Spain’s Publishing Industry: Positioned to Fight for the Future

In Opinion & Commentary by Guest Contributor

Antonio María Ávila

Antonio María Ávila

Despite media reports to the contrary, Spain’s publishing industry is robust and diverse, and investing for the future, writes Antonio María Ávila.

By Antonio María Ávila, Executive Director of the Spanish Publishers’ Federation (FGEE)

The Spanish publishing industry is worth close to 6 billion euros, employs over 110,000 people (authors, publishers, suppliers, booksellers, librarians, literary agents, etc.) and is refining an internationalization process begun more than 50 years ago.

Despite the discouraging scenario depicted by the media, this sector is highly competitive, showing a much lower concentration index than other markets in Europe like France, UK and Germany, to mention a few. In the Spanish market, currently there is not a single publishing group that enjoys a dominant position. If we take into account the Herfindahl-Hirschman index, which indicates the degree of market concentration, the book market in Spain is rated at 0.35 (reasonably far from 1.00 indicating a monopoly). This index demonstrates that the structure of the sector is very competitive.

The most remarkable accomplishment of the sector as a whole is the impressive cultural pluralism it has achieved over the years. Where literature is concerned, all the different genres are well represented, ranging from commercial and popular production to the most exquisite literary production. The variety of voices is also noteworthy in publication of social sciences. This cultural pluralism is not remarkable in terms of just content, but also in terms of translations.  We are among the leading countries in Europe (along with  Germany and France) in translating works from abroad.

New Technologies

Another relevant fact regarding the publishing industry in Spain is that new technologies, from their very first appearance, have been extensively used to improve the production system. Thus the sector is more than prepared for the digital take off.

We had to work hard on standardization and I am proud to say that we possess one of the most cutting edge systems in Europe. The main tools I am referring to are: Dilve (information delivery system that provides information about all books on sale) that inspired the creation of two additional systems, Sinli (system of standardization information about the book) whose main purpose is the exchange of commercial documents, and Librired (a tool that will enable us to have real time information about sales and stock in the retail system).

Similar tools are used in other countries, but there they are usually in private hands (Nielsen in the UK, Bowker in the US). In Spain, on the contrary, they have been created by the industry and, most important of all, Dilve, Sinli and Librired will soon converge into one another, following a logical evolution that has been carefully orchestrated by the associations that created them: FGEE, FANDE, CEGAL y Cámara del Libro de Cataluña.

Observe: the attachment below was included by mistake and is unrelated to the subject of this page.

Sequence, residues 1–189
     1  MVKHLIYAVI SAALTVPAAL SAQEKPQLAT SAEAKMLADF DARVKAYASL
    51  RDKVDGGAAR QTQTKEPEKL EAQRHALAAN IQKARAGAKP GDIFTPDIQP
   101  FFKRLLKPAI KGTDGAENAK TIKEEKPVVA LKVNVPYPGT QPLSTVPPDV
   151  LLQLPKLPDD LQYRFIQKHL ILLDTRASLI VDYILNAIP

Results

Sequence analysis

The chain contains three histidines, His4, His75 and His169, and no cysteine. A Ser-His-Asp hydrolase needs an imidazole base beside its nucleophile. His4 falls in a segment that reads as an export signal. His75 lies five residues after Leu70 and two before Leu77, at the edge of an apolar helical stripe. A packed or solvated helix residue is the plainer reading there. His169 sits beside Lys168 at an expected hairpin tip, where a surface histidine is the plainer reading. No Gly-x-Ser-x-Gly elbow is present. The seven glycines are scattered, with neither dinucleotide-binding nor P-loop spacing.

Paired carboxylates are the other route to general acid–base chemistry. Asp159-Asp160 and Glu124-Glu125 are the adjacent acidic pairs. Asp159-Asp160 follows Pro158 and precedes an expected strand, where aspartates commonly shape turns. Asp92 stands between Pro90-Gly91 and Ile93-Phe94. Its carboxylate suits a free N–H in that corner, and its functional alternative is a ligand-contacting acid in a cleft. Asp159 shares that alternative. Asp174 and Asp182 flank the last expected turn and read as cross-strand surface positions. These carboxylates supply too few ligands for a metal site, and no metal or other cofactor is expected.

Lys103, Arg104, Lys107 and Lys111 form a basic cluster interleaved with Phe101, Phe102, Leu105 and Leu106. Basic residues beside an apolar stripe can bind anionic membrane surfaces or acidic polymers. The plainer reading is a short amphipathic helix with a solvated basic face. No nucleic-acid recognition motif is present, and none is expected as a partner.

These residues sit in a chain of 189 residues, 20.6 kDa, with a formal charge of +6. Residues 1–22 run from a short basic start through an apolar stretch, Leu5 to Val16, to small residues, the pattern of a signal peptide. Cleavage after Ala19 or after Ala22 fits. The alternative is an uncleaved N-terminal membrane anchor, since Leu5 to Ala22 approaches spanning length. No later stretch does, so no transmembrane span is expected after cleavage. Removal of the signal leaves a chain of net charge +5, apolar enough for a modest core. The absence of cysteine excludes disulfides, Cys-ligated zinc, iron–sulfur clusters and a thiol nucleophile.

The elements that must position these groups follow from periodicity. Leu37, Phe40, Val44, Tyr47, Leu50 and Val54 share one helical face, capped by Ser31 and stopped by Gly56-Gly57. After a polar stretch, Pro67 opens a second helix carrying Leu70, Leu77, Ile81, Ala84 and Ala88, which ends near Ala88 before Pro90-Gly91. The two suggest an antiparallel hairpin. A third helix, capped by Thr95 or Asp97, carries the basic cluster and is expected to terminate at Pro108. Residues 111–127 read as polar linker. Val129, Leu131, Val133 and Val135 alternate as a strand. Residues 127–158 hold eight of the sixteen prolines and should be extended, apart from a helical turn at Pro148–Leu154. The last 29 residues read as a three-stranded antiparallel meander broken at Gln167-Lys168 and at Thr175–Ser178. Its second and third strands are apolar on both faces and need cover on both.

The creation of this ecosystem would have been totally useless if the publishers had not made a great effort to go digital. Data from 2013 shows that the production of digital books increased 123% thanks to both new digital releases and the digitization of the backlist catalog. Over 20% of new ISBNs came from digital books. In 2013, the strongest growth within the sector came from the digital area, though it was a mere 8%.

Yes, the initial enthusiasm for the digital revolution has diminished, however, there are two other factors to keep in mind: a) a study carried out by CIS (Sociological Investigation Center) showed that the diffusion of electronic devices for reading has not yet caught on in Spain and b) the influence of piracy is still very strong.

A Plan to Tackle Piracy and Promote Reading

According to the latest study carried out by the Piracy Observatory of the Cultural Creators Coalition, 907 million euros have been lost due to 335 million illegal downloads. These figures, disheartening on their own, are even more detrimental to the business if we consider that they inhibit legal purchases and prevent consumers from developing normal digital habits. This is, in my opinion the worst impact piracy has on the system.

The book industry requires the highest consideration both on a political and a social level. Unfortunately, in this country, we are dealing with apathy and lack of interest on both levels. Given the scenario, it is hardly surprising that the fight against piracy has proven to be unsuccessful so far.

In order to face this alarming situation, the major organizations focused around the book have joined forces to create the Asociación de las Cámaras del libro de España and have recently launched the Integral Plan for the Promotion of Book and Reading. Among other initiatives, the plan will provide help to libraries, educational measures and fiscal support to retailers.

A version of this article originally appeared in the literary journal Trama y Texturas and was translated from the Spanish by Valentina Morotti.

About the Author

Guest Contributor

Guest contributors to Publishing Perspectives have diverse backgrounds in publishing, media and technology. They live across the globe and bring unique, first-hand experience to their writing.